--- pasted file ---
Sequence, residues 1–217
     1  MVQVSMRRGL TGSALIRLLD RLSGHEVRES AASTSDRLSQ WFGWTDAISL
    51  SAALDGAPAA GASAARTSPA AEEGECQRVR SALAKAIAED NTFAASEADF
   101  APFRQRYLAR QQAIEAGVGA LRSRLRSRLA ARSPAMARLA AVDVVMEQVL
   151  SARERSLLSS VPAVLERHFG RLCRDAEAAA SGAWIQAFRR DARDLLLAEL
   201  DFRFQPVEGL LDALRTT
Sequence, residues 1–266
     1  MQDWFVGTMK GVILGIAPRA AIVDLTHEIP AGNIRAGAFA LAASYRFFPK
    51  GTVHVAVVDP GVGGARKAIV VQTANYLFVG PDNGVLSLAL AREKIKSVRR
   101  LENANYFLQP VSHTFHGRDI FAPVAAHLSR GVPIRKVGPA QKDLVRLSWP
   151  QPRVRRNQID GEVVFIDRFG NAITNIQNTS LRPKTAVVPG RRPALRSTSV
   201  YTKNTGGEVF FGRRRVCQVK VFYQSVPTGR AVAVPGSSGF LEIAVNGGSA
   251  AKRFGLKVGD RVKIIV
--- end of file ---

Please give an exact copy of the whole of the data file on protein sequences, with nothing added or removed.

Sequence, residues 1–217
     1  MVQVSMRRGL TGSALIRLLD RLSGHEVRES AASTSDRLSQ WFGWTDAISL
    51  SAALDGAPAA GASAARTSPA AEEGECQRVR SALAKAIAED NTFAASEADF
   101  APFRQRYLAR QQAIEAGVGA LRSRLRSRLA ARSPAMARLA AVDVVMEQVL
   151  SARERSLLSS VPAVLERHFG RLCRDAEAAA SGAWIQAFRR DARDLLLAEL
   201  DFRFQPVEGL LDALRTT
Sequence, residues 1–266
     1  MQDWFVGTMK GVILGIAPRA AIVDLTHEIP AGNIRAGAFA LAASYRFFPK
    51  GTVHVAVVDP GVGGARKAIV VQTANYLFVG PDNGVLSLAL AREKIKSVRR
   101  LENANYFLQP VSHTFHGRDI FAPVAAHLSR GVPIRKVGPA QKDLVRLSWP
   151  QPRVRRNQID GEVVFIDRFG NAITNIQNTS LRPKTAVVPG RRPALRSTSV
   201  YTKNTGGEVF FGRRRVCQVK VFYQSVPTGR AVAVPGSSGF LEIAVNGGSA
   251  AKRFGLKVGD RVKIIV